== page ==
Free babysitting: Is technology a reliable caregiver?

Lisa Robertson

Over the past two decades, the expansion of technology has defined our lives, particularly when looking at the recent speed of development, such as the rise of AI tools, self-driving cars and augmented reality.

However, long gone are the days where summer evenings and after-school free time provokes backyard science experiments or the reading of books. Generation Alpha, children born after 2010, are growing up in one of the most unforeseen times in history, for advanced technology has been a part of their lives since birth.

This inevitably leads to a parent’s likely reliance on technology, such as the use of iPads, to keep children occupied during the busy hours of the day. As a result, children begin to rely on it as well. Although zero technological use is an unrealistic ask in our current times, I strongly encourage parents to consider other methods of entertainment for young children, for the effects that constant screen time can have on a developing child can not only be harmful, but permanent.

A 2021 Statista survey found that “children aged 8 to 12 years spent an average of two hours and 40 minutes watching TV or videos daily in the United States in 2021. However, they spent an average of nine minutes reading books or articles online.” This constant consumption is harmful and distracts from other activities that are more beneficial for healthy growth.

Persistent screen time and constant stimulation can cause numerous neurological and physiological issues in a child. A systematic case study by Revista Paulista de Pediatria found that “excessive internet use is transversally associated with lower cognitive functioning … In longitudinal analyses, a higher frequency of internet use was associated with a decrease in verbal intelligence and a smaller increase in the regional volume of gray/white matter in several brain areas after a few years. These areas relate to language processing, attention and executive functions, emotion and reward.”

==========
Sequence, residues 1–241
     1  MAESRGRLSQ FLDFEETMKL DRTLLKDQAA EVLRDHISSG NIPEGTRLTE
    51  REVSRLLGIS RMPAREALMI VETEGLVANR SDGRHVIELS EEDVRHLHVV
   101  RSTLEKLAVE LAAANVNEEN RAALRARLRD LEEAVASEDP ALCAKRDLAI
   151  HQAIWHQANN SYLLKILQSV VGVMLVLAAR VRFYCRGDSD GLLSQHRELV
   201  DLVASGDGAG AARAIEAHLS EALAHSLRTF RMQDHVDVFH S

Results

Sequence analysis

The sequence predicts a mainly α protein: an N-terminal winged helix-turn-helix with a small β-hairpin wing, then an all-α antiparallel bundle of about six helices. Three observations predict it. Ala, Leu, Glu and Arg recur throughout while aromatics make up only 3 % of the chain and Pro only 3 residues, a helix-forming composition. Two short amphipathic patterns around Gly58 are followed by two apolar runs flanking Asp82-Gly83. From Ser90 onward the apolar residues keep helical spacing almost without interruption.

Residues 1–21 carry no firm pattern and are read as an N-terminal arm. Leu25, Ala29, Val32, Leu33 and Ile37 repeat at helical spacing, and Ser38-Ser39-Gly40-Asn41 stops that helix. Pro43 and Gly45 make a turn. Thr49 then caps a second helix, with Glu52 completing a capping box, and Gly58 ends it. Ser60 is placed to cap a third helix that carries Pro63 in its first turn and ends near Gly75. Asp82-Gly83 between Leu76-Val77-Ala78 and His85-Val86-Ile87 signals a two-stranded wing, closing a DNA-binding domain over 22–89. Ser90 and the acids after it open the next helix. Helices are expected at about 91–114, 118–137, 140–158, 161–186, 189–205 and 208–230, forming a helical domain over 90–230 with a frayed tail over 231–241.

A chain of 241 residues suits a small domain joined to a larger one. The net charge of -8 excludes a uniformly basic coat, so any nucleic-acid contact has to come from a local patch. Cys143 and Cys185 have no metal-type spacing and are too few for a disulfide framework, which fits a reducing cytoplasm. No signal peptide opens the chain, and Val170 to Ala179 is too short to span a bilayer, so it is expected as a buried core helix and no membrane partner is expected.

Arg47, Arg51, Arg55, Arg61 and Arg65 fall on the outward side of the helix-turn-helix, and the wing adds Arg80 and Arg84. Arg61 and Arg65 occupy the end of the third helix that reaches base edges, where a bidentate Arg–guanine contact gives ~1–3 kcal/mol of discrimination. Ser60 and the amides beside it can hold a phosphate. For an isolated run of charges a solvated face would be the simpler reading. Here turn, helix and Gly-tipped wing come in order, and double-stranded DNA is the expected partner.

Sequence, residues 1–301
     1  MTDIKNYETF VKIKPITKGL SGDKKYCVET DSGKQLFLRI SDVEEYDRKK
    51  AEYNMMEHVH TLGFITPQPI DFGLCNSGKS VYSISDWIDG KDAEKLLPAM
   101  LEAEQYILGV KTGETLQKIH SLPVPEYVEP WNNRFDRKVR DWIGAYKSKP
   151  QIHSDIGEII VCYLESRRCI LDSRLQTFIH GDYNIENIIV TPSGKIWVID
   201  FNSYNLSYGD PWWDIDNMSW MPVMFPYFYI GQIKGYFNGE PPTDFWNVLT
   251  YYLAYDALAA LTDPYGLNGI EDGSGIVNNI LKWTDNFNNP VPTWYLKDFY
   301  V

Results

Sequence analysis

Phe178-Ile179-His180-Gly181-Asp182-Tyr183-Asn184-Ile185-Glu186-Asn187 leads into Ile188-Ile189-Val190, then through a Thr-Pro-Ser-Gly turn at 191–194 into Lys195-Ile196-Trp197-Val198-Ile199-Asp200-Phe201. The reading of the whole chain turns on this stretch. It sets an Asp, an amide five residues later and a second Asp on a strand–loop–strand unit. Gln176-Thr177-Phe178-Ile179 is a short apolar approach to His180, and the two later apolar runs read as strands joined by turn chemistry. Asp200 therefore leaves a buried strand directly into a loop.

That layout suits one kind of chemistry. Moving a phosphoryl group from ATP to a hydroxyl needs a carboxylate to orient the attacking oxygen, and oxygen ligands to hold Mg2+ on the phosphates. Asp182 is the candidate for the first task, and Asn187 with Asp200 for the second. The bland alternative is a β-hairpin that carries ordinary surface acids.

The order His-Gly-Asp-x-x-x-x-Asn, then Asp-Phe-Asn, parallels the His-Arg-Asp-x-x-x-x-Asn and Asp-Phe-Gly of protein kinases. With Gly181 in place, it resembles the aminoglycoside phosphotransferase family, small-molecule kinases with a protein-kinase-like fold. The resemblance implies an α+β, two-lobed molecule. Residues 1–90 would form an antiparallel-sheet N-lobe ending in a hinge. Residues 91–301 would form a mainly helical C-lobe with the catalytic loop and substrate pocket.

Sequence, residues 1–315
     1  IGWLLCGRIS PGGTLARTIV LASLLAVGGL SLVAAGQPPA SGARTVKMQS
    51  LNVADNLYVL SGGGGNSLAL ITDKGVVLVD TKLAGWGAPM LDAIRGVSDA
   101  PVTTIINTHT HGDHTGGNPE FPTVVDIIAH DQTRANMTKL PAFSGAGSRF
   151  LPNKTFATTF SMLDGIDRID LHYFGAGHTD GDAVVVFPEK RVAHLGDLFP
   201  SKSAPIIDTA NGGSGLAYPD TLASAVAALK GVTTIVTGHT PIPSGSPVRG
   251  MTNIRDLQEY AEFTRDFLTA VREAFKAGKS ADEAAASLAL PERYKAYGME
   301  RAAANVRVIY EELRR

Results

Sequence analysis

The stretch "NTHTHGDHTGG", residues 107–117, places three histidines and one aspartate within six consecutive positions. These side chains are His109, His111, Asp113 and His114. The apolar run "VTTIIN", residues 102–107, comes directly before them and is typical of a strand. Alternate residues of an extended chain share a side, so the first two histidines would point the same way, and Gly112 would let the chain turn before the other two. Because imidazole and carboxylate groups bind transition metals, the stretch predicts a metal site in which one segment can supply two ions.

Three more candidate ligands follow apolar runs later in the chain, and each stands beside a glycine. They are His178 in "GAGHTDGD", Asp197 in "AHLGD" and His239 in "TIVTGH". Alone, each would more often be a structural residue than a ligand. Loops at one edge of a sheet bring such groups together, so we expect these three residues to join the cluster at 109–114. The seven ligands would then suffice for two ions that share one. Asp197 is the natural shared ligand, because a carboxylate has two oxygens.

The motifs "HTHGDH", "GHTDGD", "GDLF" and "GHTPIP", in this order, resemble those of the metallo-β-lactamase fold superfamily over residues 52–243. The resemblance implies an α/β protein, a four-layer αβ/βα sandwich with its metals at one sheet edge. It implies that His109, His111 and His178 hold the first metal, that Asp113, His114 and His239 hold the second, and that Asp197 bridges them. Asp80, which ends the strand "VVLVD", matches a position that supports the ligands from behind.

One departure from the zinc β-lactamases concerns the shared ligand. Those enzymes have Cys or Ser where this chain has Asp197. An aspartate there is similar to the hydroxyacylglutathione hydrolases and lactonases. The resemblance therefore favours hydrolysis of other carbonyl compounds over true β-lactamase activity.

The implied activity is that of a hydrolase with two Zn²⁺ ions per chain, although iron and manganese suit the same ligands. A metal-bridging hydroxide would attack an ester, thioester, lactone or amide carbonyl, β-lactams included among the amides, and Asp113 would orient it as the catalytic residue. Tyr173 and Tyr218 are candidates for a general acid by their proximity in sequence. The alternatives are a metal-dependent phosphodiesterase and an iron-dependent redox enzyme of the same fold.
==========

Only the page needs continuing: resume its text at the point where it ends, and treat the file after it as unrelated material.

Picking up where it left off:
The World Health Organization (WHO) has also encouraged guidelines to technological and media exposure in children, stating: “Children under the age of 5 should not spend more than 60 minutes a day in passive activities in front of a smartphone, computer or TV screen. Children under 12 months of age should not spend even a minute in front of electronic devices.”

Sedentary lifestyles are not intended for children, and the overuse of technology as a babysitting method contributes to lifestyle habits that become permanently ingrained in a child’s mind. Although technology will remain a part of our daily lives, parents should attempt to stick to their own roots of childhood—encouraging children to spend time outdoors, reading, or other pursuits involving real-world interaction. Let us prevent technology from raising our children, and instead teach them to live unrestricted in a world that is full of adventure.


Lisa Roberston, a guest writer, is a De Anza College student working toward an associate degree in sociology and will transfer to Cal Poly in fall 2023.